Speaking of which, it is fascinating, if a little depressing, that a few commentators including this once-illustrious blog continue to pick apart the minutae of what is essentially the eradication of everything that was Hong Kong and its replacement by a clockwork orange. Reading this blog reminds me (well, I cannot tell a lie because that would get me in big trouble – He Upstairs reminded me) of a line which went something like: “You’re floating in a tiny little boat on a river of shit, yet you reach in and fish out a turd to say, ‘Now, this turd really pisses me off!'” No-one, except perhaps that earnest young Mark Bradley, pretends that anything they loved about Hong Kong still has a hope of revival. Those who have not left yet, or feel they cannot, survive by keeping their head down and not thinking about the hell they live in. Every day the ranks of those who want to stay just a little bit longer to make just a little more money shrink, as the balance shifts in favour of getting out now. Hong Kong is a historical footnote, Xiāng gǎng is just around the corner. Time to move on, gentlemen.

  2. Law student in London says:

    I am reminded of something Philip Dykes’ said last year, which unusually for things of this sort has aged quite gracefully: ‘You cannot be slightly independent any more than you can be slightly pregnant.’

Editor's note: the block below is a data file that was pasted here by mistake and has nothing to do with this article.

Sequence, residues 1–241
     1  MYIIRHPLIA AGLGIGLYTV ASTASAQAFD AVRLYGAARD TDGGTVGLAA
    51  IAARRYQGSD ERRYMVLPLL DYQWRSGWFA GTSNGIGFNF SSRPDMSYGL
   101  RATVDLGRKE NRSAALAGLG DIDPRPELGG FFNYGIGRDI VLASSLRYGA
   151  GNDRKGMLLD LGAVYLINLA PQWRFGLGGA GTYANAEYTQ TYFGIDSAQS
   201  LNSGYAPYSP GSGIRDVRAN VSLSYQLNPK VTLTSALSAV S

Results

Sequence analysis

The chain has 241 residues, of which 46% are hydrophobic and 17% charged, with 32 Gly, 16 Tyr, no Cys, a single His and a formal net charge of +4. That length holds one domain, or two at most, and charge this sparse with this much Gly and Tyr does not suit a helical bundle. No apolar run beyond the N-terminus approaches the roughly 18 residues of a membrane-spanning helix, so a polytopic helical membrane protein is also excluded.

The argument for UKSC judges to remain as (fossilised) canaries in the coal mine would make sense if there was a realistic possibility that Hong Kong’s legal system was salvageable. It is not. There is no ‘doing good’ or any good to be done from the perspective of foreign judges except to grant this convulsing carcass swift mercy.

    Recall also that not three months ago Baroness Hale opted out of being reappointed as a non-permanent judge of the region, saying, among other things that ‘Principally, I cannot foresee a time when I would actually want to get on a plane to go to Hong Kong.’

    The real reason aside from judicial naivete which is best left unsaid is that there is still much money to be made in Hong Kong and by staying the UKSC judges throw a gilded fig leaf to the Hong Kong judicial system that is now being assimilated into Chinese Natsec machinery.

  3. Chinese Netizen says:

    @Law student… VERY well said.

  4. Mark Bradley says:

    “No-one, except perhaps that earnest young Mark Bradley, pretends that anything they loved about Hong Kong still has a hope of revival.”

    I only think there’s a chance of revival if the CCP collapses, but there’s a good chance that CCP will outlive us all.

  5. Siu Jiu says:

    @Law student in London: 100%. There is no realistic chance of “doing good” within the HK judicial system. Any ruling that actually is independent of the CCP’s wishes will simply be appealed and overturned with a different set of bought-and-paid-for judges. The UKSC are either blind and incompetent or vicious and avaricious.

  6. Kung Fu Fat Man says:

    Surely the foreign judges appointed to the CFA have fat chance of being selected for any case of significance? They are supremely naive if they think otherwise.